In Course Assessment (ICA) for Smart Power Distribution [EAC4026-N]


This assessment takes the form of a report based on an analysis of the effect on the power distribution network of PV panels on a housing estate. You will be expected to perform independent research in addition to the load flow analysis using the software.

You should write a report based on the requirements of the attached brief and this should be an individual submission. This assessment counts for 30% of the total module marks.

The assessment criteria will be the standard University level 7 criteria assessing all learning outcomes (1-7) from the module specification

The marking criterion for each section of the report will follow the School’s standard guidelines, which will also be used for providing feedback. An example of the template, together with weightings, is provided at the end of this brief.

Structure of the Report

The report should adhere to the following guidance:

  • The report should have a title page and a contents page, and each page should be numbered.
  • Aside from the title and contents pages, the report should be a maximum of 20 pages (2000 words or equivalent) long including equations, figures, illustrations and tables. An abstract should be included together with your findings as a conclusion.
  • Reports exceeding this page limit will face a penalty of a 20% deduction in the achieved marks.
  • One additional page may be used to list references – which should follow the Harvard standard.
  • Figures and tables should be numbered and should have a caption describing the figure/table. The caption should also indicate the primary feature that should be observed by viewing the figure/table. Figures should also be neat and of a readable size. (Note screen shots for showing power flow analysis outputs are difficult to read use the snipping tool). Tabulating results for comparison add value to the analysis.
  • Brevity is commendable. Appendices should be used for additional information such as extracts from data sheets. It is important that the report be readable and understandable without reference to the appendices

If any parts of the exercise are unclear, please ask the module team for clarification.


Design and Analysis of Medium Voltage Distribution Networks Incorporating High Level of Embedded Generation

1.  Background

The continuous increase in embedded generation, particularly from renewable energy, connected at various locations on the distribution network can have implications for voltage control and quality of supply. Typical problems associated with embedded generation are voltage rise beyond the statutory limits, increase of fault levels, reverse power flow in the network and possible malfunction of the network protection system. Dealing with such problems requires a good understanding of the system behaviour under different operating conditions and an evolution from a traditional passive network control philosophy to a fully active network management and control.

A key step in understanding and consequently solving the problems associated with large penetration of embedded generation into the MV (Medium Voltage) network is to develop a computer model of a typical MV network incorporating different types and levels of embedded generation.

2.  Context of the assignment

A housing developer is proposing to install a new housing development onto the MV network on a local 11 LV busbar near the site. They have finally woken up to the need for Small Scale Embedded Generation (SSEG) on their homes and intend to install PV panels on every house. Your job is to write a report analyzing the effects this may have on the MV network in order to support the developer’s application for a connection agreement with the DNO (Distribution Network Operators).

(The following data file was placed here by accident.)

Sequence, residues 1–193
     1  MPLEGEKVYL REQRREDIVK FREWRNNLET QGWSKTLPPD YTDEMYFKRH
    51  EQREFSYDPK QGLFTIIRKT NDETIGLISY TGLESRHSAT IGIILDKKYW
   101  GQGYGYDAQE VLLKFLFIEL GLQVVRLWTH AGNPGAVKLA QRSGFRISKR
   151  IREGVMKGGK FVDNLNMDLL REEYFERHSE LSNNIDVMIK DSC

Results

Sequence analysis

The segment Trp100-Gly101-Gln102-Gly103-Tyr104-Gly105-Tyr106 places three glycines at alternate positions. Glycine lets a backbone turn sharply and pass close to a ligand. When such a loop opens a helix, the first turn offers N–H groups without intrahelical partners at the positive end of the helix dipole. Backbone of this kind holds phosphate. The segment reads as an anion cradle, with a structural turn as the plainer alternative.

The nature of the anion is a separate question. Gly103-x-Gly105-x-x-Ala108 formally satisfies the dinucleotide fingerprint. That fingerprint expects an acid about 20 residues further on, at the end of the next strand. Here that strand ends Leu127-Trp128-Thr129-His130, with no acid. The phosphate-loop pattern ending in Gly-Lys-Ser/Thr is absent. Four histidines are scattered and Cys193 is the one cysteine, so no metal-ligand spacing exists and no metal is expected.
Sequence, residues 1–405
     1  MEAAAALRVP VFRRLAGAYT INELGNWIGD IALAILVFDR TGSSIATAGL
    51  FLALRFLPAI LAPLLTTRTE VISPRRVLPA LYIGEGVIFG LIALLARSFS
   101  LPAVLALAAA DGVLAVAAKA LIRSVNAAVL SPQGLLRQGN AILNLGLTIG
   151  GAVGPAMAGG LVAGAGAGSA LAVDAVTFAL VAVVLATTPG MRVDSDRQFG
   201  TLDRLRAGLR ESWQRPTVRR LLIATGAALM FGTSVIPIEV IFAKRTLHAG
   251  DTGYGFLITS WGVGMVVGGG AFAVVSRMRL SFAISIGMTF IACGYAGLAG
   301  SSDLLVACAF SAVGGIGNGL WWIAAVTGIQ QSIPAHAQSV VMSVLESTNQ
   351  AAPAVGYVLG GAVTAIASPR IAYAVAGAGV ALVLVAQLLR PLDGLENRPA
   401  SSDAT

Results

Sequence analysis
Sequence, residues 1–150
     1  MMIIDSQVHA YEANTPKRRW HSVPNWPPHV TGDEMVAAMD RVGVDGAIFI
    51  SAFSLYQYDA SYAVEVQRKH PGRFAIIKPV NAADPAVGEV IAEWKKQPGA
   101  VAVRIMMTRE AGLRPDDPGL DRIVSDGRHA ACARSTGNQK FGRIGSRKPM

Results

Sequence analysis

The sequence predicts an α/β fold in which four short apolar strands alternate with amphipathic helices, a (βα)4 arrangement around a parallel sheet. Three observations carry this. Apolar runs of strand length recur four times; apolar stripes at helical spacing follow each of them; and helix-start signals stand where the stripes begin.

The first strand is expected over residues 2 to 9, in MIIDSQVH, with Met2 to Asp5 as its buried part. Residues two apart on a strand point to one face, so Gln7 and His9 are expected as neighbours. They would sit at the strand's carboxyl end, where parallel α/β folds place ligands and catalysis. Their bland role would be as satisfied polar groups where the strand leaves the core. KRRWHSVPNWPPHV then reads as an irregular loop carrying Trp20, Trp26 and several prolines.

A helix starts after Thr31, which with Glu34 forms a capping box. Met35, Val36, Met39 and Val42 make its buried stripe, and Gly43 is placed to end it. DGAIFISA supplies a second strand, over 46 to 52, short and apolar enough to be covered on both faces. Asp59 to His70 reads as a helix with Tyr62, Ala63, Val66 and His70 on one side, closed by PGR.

The report needs to analyse the effects of a significant level of embedded generation on the performance of MV distribution network; mainly voltage profile, thermal overload of lines and transformers, as well as reverse power flow in the network.

  • A computer model of network using IPSA+ software package should be developed and should be used as the basis for performance evaluation.
    • The network model should include models of embedded generators connected to the low voltage side of the distribution network co-terminally to the loads.
    • The model should then be used to study the effects of embedded generation on the steady-state performance of the distribution network; that is voltage profile, meeting thermal limits and reverse power flow.
    • It should compare the power flow for all the scenarios needed to consider the implications for the DNO
    • The results of the modelling should be analysed and recommendations made to alter the design if necessary,
    • Allow the developer to give the necessary power requirements to the DNO.

3.  LV Network Modelling

To analyse the impacts of SSEG on the LV network, a distribution network model needs to be developed using IPSA software package. This network model should include the distribution network from the primary voltage level (33 kV) down to the 0.4 kV level. The model should

allow simulation of 3-phase operation and different sizes of loads and SSEGs. Standard load flow is fine, MVA base is 10 MVA, use the Universal machine for the SSEG components.

First you need to analyse the effect of the extra load on the network, that is due to the extra feeder.

To analyse the performance of the distribution network with PV, the penetration of PV systems is varied from 0 to 100%. The PV systems are uniformly distributed across three phases and are evenly spread along the feeder/distribution network. PV is installed on each house in bus 6 to bus 1; bus 6 is the farthest from the substation.

The distribution network is either at minimum loading condition of 152 W at 0.95 pf lagging or at 500 W at 0.95 pf lagging (the daytime minimum load being higher than the after diversity minimum demand of the distribution network).

The on-load tap changer at 33 kV controls the tap settings depending on the loading of the distribution network and is set to maintain the secondary voltage of the LV transformer at 433/250 V.

Network to be modelled

A sample distribution network which is part of an actual network in the UK is chosen for analysis.

Figure 1 network to be modelled